Many of our biggest societal challenges – from childhood obesity to violent crime – are preventable. The Southwark and Lambeth Early Action Commission aims to find ways of taking local early action to improve people’s quality of life and reduce the strain on public services.

Local authorities are under increasing pressure both to maintain essential services and to cut their spending.

A shift towards investing in upstream preventative measures, rather than spending downstream on treatment and care, is an effective use of public funds – particularly at a time when resources are severely restricted.

Southwark and Lambeth Councils recognise the potential benefits that a preventative approach can bring. In 2014 they set up the Southwark and Lambeth Early Action Commission to reduce demand for acute services and maintain wellbeing for all residents.

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Image credit: Chris Guy via Flickr

The Commission has examined local conditions in Lambeth and Southwark, especially the immediate and underlying causes of pressing local problems, and what works best to prevent them. It has carried out a review of local strategy, policy and practice; explored more than 30 examples of good practice in the two boroughs and further afield; and engaged with local residents and community-based groups and with other experts, through workshops and interviews.

The underlying causes of most social problems can be traced to the same set of social and economic challenges. Some of these, such as poverty and inequality, are linked with national policy, making it hard to tackle them locally. But there are plenty of opportunities for local early action to prevent problems by improving local conditions and social relationships.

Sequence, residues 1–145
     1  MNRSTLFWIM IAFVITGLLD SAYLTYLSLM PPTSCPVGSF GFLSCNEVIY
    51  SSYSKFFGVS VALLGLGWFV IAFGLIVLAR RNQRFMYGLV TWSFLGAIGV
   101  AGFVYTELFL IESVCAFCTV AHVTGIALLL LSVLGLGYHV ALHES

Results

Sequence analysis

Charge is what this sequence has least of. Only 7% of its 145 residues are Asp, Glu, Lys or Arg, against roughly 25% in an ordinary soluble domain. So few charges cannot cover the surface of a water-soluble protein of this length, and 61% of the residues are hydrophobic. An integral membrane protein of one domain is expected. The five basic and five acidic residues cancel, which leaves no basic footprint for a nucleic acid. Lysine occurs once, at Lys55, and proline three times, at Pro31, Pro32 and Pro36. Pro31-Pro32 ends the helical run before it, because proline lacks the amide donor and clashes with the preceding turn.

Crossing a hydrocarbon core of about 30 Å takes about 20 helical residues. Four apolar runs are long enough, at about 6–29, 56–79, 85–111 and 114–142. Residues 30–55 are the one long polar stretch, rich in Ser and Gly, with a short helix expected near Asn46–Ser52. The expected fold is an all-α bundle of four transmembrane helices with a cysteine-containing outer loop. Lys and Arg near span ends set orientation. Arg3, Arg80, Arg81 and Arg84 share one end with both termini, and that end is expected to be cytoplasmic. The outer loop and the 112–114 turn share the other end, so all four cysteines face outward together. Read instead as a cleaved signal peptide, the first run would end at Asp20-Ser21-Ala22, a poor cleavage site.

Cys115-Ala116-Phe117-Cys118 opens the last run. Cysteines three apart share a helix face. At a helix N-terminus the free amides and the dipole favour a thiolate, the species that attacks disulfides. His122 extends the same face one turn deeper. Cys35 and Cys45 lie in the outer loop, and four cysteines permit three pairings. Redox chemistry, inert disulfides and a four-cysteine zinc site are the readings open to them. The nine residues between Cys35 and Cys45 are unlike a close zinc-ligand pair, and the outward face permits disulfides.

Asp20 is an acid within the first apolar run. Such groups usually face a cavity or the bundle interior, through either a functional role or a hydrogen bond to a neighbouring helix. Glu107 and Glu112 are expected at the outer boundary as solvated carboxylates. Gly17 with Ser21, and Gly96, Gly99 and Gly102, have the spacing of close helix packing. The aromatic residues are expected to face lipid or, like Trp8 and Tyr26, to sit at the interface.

The Commission has identified four goals for early action in Southwark and Lambeth. These are designed to address problems as early on as possible and focus on what can be done locally in the context of extreme budgetary constraints.

To help achieve these goals it will be important to find additional resources.

  • Resourceful communities, where residents and groups are agents of change, ready to shape the course of their own lives. To achieve this people need actual resources (but in the broadest sense), connections, and control.
  • Preventative places, where the quality of neighbourhoods has a positive impact on how people feel and enables them to lead fulfilling lives and to help themselves and each other.
  • Strong, collaborative partnerships, where organisations work together and share knowledge and power, fostering respectful, high-trust relationships based on a shared purpose.
  • Systems geared to early action, where the culture, values, priorities, and practices of local institutions support early action as the new ‘normal’ way of working.